When friends ask how traveling in Africa changed me, I offer a lot of different answers. It made me more patient. More frugal. Helped me think through what I want out of life.
But mostly, it made me thankful.
After spending time with people who can’t afford to go to school or visit the doctor or install electricity in their homes, I think about how lucky I am every single day. Every single day.
When I put my head on my pillow at night, I think about how lucky I am to have a comfy bed. When I run a road race, I think about how lucky I am to have sneakers on my feet. When I get up in the middle of the night to go to the bathroom, I think about how lucky I am to have indoor plumbing, rather than having to stumble outside in the dark and the mud to pee into a hole in the ground.
These thankful thoughts even sneak into my mind when I’m angry or annoyed. When I feel frustrated over coordinating doctor’s visits with my work schedule, I remind myself how lucky I am to see a different doctor for each part of my body. When I groan over delays caused by road construction, I find myself remembering that I’m lucky to live in a place where the roads are actually fixed. When little things go wrong during my day, I can’t help but look at the bright side — that I’ll just move into my apartment one week later or take the next bus or reschedule the interview.
Learning to appreciate what we have is the most cliche lesson of travel — because it’s the most profound. It’s life-changing, this realization that so many people around the world are not eating dinner tonight or drinking clean water or sleeping in a bed. These are things we’re told since childhood — to be thankful for what we have — but it doesn’t hit us until we actually see, with our own eyes, the people who don’t have those same things. It’s not until we travel that we realize that, indeed, the people who live halfway around the globe are just like us, only not as lucky.
I’m a firm believer in making your own luck. In creating the life you want, finding a career you love, and making things happen the way you want them to. But the only reason this works is because we’re all lucky to begin with. No matter how bad of a childhood you had, no matter how negative your family or how stymying your job, every single person reading this blog is luckier than most of the people around the world.
So do something with your luck. Use it to create the life you want to live. And be thankful. Not just on Thanksgiving. Be thankful every day.
10 Replies to “How travel makes us thankful”
This is my favorite you’ve ever written. Just gorgeous! And I couldn’t agree more.
Aw, thanks Andi!
Living in Africa a few years and traveling around the world has made me extremely grateful, especially for not being fearful that when a mosquito bites me that I might end up with malaria, which I had four times.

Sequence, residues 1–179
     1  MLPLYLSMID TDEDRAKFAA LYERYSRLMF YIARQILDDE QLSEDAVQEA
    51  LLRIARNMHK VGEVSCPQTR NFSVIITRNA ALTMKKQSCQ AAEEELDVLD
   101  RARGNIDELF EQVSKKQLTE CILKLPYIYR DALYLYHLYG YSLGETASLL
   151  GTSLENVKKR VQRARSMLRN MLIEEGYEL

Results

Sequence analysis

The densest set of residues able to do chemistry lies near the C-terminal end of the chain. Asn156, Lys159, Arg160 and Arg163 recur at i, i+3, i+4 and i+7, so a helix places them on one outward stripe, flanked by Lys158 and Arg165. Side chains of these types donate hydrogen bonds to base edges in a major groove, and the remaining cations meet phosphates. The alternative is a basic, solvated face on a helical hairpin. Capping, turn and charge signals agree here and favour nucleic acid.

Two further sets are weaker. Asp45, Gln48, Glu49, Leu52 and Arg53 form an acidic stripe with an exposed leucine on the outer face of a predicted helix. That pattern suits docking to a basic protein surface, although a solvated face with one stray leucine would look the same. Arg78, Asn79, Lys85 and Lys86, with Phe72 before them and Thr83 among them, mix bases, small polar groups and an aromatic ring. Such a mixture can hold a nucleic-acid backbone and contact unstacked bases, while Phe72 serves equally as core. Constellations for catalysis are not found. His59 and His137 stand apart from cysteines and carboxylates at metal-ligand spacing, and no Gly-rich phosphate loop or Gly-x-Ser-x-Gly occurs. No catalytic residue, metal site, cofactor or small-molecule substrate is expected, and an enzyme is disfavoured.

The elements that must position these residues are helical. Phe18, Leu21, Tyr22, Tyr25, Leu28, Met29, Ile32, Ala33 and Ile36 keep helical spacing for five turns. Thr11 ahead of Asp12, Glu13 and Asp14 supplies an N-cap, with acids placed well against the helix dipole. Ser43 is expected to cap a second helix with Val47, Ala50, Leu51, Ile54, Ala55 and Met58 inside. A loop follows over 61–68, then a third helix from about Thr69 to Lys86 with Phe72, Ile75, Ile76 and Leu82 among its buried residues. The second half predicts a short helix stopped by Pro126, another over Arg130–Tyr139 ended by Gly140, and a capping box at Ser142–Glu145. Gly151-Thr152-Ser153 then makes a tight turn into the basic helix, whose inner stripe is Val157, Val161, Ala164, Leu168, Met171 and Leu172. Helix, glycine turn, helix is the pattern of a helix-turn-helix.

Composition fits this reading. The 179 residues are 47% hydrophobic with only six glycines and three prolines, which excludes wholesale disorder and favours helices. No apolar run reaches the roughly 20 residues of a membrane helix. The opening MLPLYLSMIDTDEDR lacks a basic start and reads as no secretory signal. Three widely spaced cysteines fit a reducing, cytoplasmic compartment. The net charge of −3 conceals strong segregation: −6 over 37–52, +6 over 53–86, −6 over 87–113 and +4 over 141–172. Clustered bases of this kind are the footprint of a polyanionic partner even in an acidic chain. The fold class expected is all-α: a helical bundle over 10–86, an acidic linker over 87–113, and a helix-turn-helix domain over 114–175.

Absolutely beautiful post,Alexis It is a powerful message & a great reminder of all we have to be grateful for. Thanks for sharing. Love the picture too!
Beautifully said. Thanks for sharing this. 🙂
Well said, Alexis.
Great sentiments to share, Lexi.
Also, I’m watching this series on the haves and have-nots of the world, and how the Earth ended up this way. A lot of it IS luck. It seems that the European nations fared better throughout time because of the lucky accident of sharing a content with animals that were more easily domesticated, which could then share in the work, which could then free up people from farming so that they could specialize in trades, such as making stone tools and then metal tools. Whereas, in other parts of the world, they only had access to animals that were stubborn and didn’t work well with humans. So, more of the population had to concentrate on growing food, which also wasn’t as nutritious or energy-infused as wheat, barley and rice, leading to further setbacks.
I might blog on this fascination…but the end result is that luck played a major role in all of it.
And I love that you urge us to travel to see this first hand.
A toast to being thankful!
This is great Lex and was a needed reminder! Great seeing you and hope you are getting settled in your new home! XOXO
You know the, I posted about this earlier on my blog. This article has really given me some food for thought, I feel that you have made some very important points. In fact, I really wish I’d seen it before posting my own article. – multiplumb
It’s silly, but the bathroom bit resonated heavily with me; I grew up spending summers at a cottage in the Czech Republic with no plumbing (hardly third-world, but hey!) and I remember bathing in plastic tubs resembling mixing bowls in the States. More recently, I went to Tibet, and that was eye-opening on many levels. I find myself with the same attitude you described, and friends who haven’t traveled as much have a tough time understanding it. It gets misinterpreted, and I only wish everyone could travel somewhere truly different to at least gain some insight, if not fully adopt this attitude themselves. Well-written piece! Thanks for sharing 🙂